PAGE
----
The conflicting research available attempting to assess the effectiveness of school uniforms can be explained in part because so many variables are involved. For example, educational trends, disciplinary policies and quality of teachers can skew numbers that support academic performance based on uniforms. Parents may also choose to move their children in or out of schools based on whether or not uniforms are required, which can affect research study findings.

In addition, success stories may involve a range of positive or negative impacts based on gender and grade levels. Generally, attendance seems to become more consistent after allowing one to two years for adjustment after the initial introduction of uniforms.

Although improvements seem to have a more immediate impact among middle and high school girls after the introduction of uniforms, both boys and girls in these age groups show progress after the adjustment period. Uniforms do appear to improve language scores among middle and high school girls. Advanced math scores seem to be more evident after two or more years of uniform adoption.

One of the primary reasons cited for implementing a uniform policy is to decrease distractions in the classroom. Most parents are all too aware of how children compare themselves to other students and worry about fitting in with their peers. This competitive peer pressure is greatly reduced with the use of uniforms.

Uniforms provide a more level social footing for students who are often judged by other students based on their appearance. For some families, the expense of constantly updating wardrobes with the latest fashions is not an option. Economic differences can cause division among students that is more readily apparent when children wear regular street clothing.

The important social issue of bullying has gained prominence in recent years. Uniforms are often cited as an effective tool in the fight against bullying, since children are often targeted based on their appearance.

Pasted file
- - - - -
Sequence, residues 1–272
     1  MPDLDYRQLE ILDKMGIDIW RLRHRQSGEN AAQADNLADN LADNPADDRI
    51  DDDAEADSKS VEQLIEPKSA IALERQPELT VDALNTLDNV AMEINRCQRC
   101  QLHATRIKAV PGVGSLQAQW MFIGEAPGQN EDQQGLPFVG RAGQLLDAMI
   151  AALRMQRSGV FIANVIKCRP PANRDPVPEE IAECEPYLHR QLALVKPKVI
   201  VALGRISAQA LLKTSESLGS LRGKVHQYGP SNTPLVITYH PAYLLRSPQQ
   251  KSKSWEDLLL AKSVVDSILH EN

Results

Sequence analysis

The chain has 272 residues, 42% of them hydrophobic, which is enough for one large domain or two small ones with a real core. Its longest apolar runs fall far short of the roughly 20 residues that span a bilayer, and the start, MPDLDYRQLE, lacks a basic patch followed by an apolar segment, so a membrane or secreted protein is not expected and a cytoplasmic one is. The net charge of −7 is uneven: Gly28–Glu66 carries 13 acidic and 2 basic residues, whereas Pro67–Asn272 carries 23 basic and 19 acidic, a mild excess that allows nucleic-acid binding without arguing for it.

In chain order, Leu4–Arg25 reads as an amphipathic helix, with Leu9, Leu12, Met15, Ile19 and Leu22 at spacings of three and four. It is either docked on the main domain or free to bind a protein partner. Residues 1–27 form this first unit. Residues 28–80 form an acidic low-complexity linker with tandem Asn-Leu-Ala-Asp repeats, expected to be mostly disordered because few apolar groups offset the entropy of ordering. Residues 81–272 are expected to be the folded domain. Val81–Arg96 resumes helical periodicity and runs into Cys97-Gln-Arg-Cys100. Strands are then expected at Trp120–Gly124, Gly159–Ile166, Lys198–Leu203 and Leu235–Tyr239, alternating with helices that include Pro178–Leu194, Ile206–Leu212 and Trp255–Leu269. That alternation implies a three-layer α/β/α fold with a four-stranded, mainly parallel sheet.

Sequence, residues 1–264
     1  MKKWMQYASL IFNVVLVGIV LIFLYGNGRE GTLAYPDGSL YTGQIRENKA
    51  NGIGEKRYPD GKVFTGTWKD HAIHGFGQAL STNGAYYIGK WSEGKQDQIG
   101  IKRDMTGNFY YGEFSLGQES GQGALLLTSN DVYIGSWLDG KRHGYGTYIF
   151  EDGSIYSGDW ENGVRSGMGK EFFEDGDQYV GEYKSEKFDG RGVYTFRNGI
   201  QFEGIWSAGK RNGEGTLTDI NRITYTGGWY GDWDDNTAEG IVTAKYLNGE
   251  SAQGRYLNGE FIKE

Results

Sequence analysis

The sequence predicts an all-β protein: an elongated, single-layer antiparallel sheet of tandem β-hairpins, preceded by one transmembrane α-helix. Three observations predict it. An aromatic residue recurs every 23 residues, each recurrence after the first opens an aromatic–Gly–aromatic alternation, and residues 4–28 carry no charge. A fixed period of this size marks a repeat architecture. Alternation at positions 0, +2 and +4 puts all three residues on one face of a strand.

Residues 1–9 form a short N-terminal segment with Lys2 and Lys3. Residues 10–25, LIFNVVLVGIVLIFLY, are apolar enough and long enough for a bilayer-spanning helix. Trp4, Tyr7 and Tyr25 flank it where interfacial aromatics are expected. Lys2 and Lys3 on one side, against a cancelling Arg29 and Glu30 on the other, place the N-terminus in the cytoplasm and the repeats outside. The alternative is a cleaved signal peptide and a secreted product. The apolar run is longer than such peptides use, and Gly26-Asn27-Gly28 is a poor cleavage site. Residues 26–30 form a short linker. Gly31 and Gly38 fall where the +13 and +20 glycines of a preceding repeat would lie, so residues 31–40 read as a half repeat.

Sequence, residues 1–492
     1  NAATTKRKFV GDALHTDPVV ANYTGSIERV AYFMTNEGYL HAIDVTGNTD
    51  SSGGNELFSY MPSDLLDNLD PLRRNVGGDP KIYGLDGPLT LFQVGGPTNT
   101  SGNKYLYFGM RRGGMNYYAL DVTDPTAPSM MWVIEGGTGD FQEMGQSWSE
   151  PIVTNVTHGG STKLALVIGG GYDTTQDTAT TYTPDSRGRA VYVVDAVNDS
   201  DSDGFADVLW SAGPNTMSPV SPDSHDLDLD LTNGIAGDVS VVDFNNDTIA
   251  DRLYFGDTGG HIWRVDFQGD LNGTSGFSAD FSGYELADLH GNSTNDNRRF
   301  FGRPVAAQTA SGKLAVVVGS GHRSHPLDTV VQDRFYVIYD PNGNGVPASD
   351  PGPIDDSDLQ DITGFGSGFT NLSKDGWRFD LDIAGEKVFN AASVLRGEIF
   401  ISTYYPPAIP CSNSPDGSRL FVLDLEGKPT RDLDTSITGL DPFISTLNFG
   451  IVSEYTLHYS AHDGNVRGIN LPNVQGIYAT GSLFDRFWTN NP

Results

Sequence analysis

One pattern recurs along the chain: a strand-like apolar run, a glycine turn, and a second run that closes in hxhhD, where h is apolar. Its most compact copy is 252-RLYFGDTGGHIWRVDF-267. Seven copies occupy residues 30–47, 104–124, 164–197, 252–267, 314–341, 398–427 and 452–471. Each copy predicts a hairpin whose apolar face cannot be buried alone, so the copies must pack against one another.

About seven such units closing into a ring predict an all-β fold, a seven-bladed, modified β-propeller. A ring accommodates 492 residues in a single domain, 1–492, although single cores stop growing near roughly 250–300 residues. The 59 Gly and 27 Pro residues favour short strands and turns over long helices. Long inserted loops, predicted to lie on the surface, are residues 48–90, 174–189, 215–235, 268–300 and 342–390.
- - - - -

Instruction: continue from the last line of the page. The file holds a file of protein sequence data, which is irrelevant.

Although bullying based on clothing or appearance cannot be completely eliminated, uniforms can go a long way towards curtailing this kind of negative behavior. Wearing a uniform can dramatically improve self-esteem and lessen feelings of inferiority among children.

Economically, although the initial expense for uniforms may seem high, the overall cost is fairly low when compared to average year-round clothing expenses incurred by parents. However, some school districts do have special funding and subsidies available for those families in need of assistance with purchasing uniforms for their children.

Another advantage is that dressing for school becomes a much faster process with uniforms, especially for adolescent girls. Fewer decisions during morning preparations take less time and prompt attendance is more likely.

Although it is challenging to get a definitive consensus regarding the impact of school uniforms, several proponents maintain that the most promising consequences may be the development of non-cognitive skills such as discipline, motivation, school engagement, leadership and self-esteem. Recent research has indicated that these areas may be just as critical as academic skills in helping students achieve future social and employment success.

Opponents of school uniforms have concerns regarding the stifling of individuality and creativity among students who wear uniforms. Although it seems to be a matter of perspective, they also maintain that not wearing uniforms allows students to develop decision-making skills and learn to make responsible life choices.

In any case, a uniform policy may have significant benefits, some of which are more apparent than others. If you are a parent considering schools for your children, these are key factors to consider while making your decision.

Yvonne Vasquez is a San Antonio based freelance writer.